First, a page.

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Imagine for a second if you will, holding a card in your hand, roughly the same dimensions as a credit card, with a chip somewhere in the middle, similar to a sim card used in cell phones. Most of the front portion of this card features a waving flag of the United States of America and reads Medicare Plus in a slick font over that flag with the user’s personal information and ID code on the bottom. Now imagine that this same card is in the wallets of everyone in the US from Anchorage to Miami and Maui to Montauk. This card allows you to walk into any public or private hospital or clinic, and the office of any dentist, optometrist, chiropractor, or acupuncturist anywhere in the entire USA. The visits to medical offices would be as convenient as ever, as the receptionist simply borrows the card for a few minutes to check the data and enter your visit into their system and the card’s memory. Moreover, this card would be behind an ultra innovative program that has contributed to a significant decrease in the monthly amount going towards insurance and also means lower co-pays, drug prices, and routine and emergency care. Would you want this card? I believe most of us would.
Lack of remedies, lack of license to discuss the disease
H. L. Mencken, the early 20th century satirist, famous for his mockery of democracy and pragmatism once observed what he considered a fatal flaw in democracy: “To lack a remedy is to lack the very license to discuss disease.” This is a common frustration for anyone advocating for more debate and discussion, hoping for change instead of the usual watered-down reform. So, the listener says, what’s your solution? What are you going to do? David Greenberg, in an essay last year in the The New York Times, argued that this is precisely the reason why the final chapters of books commenting on society and politics tend to be rather weak, despite what came before.[i] I’ve always noticed that this is where the reader will find a list of actions to take and books to read in order to really make a difference. To try and avoid this potential problem here, let me throw out some links early in the article to get you thinking about how change on this issue may just come about. First, we must recognize that the leaders of this movement—doctors, nurses, lawyers, professors, health advocates, journalists and rabblerousers alike—all seem to work toward the same goal, namely that people get educated on this topic. Margaret Flowers and Kevin Zeese from ItsOurEconomy.us have teamed up with Russell Mokhiber and SinglePayerAction.org for what they consider to be the education and movement-building phase. For this, they regularly tap into the excellent work being done by physicians at groups like Physicians for a National Health Program at www.PNHP.org. This education, they assert, would increase the already high numbers of people interested in a Medicare For All fix and some of those would be passionate enough to bring it to everyone they encounter and everywhere they go.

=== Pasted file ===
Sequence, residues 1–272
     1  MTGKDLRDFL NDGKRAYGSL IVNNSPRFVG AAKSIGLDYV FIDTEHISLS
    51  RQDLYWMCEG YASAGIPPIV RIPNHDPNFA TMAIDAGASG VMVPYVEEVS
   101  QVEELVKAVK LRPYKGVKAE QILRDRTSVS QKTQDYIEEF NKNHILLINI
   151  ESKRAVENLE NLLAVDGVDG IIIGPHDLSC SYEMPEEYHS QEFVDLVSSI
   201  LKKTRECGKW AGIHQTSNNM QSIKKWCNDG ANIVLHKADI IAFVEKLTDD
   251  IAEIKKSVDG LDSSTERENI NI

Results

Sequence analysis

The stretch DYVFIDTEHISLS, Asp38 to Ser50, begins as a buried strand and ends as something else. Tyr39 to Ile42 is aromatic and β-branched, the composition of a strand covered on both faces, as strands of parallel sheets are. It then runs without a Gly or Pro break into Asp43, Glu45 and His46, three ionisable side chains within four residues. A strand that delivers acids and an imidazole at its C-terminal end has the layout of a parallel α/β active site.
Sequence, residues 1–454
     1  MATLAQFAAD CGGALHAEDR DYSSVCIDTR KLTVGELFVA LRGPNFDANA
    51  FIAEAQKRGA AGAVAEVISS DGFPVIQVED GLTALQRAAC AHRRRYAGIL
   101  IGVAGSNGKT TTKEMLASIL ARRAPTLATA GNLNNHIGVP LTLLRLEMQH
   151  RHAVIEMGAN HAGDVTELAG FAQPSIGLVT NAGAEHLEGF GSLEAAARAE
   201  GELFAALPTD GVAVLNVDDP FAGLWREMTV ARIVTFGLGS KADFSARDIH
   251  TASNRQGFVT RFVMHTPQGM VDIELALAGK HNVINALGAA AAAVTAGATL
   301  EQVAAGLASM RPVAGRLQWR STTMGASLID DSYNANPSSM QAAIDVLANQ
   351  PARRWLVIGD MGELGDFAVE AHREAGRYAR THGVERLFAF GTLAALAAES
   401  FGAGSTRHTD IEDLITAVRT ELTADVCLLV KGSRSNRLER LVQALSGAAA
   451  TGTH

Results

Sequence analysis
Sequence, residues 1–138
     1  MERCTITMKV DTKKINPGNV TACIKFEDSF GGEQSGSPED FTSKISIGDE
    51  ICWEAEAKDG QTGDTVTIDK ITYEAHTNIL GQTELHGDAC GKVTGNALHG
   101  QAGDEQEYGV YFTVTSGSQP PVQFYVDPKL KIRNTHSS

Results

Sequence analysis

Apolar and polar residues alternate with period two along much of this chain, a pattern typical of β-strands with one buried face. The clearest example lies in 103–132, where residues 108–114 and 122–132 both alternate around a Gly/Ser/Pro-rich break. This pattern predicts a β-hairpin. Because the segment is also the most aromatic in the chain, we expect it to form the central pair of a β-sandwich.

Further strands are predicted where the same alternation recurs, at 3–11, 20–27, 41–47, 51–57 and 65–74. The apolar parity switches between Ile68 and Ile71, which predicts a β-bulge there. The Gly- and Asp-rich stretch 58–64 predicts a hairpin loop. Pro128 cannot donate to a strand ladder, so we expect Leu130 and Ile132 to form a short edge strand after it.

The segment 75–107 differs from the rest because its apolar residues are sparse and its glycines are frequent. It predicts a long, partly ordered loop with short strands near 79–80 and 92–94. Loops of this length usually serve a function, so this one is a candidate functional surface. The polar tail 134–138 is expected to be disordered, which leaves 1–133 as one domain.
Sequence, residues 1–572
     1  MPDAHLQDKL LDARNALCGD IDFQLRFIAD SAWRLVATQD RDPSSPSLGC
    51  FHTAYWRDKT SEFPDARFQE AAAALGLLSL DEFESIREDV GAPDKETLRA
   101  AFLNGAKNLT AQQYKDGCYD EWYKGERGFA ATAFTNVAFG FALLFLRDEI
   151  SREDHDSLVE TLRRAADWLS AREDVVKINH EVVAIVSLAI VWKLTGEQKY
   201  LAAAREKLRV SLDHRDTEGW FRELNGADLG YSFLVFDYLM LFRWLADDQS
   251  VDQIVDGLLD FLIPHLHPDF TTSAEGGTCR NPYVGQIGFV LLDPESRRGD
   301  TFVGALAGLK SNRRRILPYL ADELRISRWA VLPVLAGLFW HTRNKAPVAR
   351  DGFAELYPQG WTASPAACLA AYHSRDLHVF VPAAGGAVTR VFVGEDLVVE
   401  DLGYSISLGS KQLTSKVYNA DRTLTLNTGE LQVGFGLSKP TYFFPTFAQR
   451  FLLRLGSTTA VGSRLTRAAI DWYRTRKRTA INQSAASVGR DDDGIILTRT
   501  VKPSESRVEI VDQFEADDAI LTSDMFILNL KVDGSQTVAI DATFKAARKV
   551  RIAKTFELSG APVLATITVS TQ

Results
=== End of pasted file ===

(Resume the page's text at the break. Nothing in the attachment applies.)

The language is important of course. In 2009, Nate Silver criticized a poll of doctors that claimed to show widespread opposition to meaningful health care reform, charging that the pollster, in this case Investors Business Daily, was not intending to be objective as indicated by obviously loaded questions and that this has been a common approach to surveys on health care policy in the US.[ii] Furthermore, it has been widely reported that use of terms like Medicare, which are highly regarded by many US voters, increase the percentage of support for extending government health care to all. The Pew Research Center found in a June 2011 poll that 88% of those surveyed believe Medicare was very good (36%) or good (52%) for the country.[iii] I would also propose using terms like middlemen, when describing the private health insurance providers. In my experience, even children can see the problem with a system that rewards middlemen so heavily, especially when those profits come from the suffering of average people. So we should teach children about the issue by asking elementary school teachers to consider preparing lesson plans about the importance of health care and the detrimental role played by middlemen. Obviously, the same should be encouraged for junior high and high school teachers. These lesson plans can then be shared, enhanced and teachers can encourage feedback and discussion through the use of wikis and other educational tools.
It is within the universities and colleges across the US where the most talented young minds should come to understand how bad our system is compared to others, and discuss a broad array of solutions on how to overhaul health care and other areas where serious change is needed now. Seminars and conferences led by students and professors should be occurring regularly and links to other schools should be a natural part of this process. This is in contrast to inviting people for brunch, waffles, smoothies and reflection, a strategy by a group calling itself the Movement Strategy Brunches, noted in a recent article by the anonymous Insider on Counterpunch.[iv] Furthermore, doctors, nurses and patients should discuss this more openly and perhaps those that are seeking solutions on either side can organize more meetings and tell their stories in as many media outlets as possible. Finally, Ralph Nader proposed a system of activists in each of the 435 congressional districts to become actively involved in educating, organizing and fund raising; Nader urged Occupy to adopt this strategy and to set up protests outside of local representatives’ offices in their home districts, as well as outside their DC offices.[v] Can we begin to ask that people within the Occupyreconsider Ralph’s suggestions today?
Bold Ideas and Visions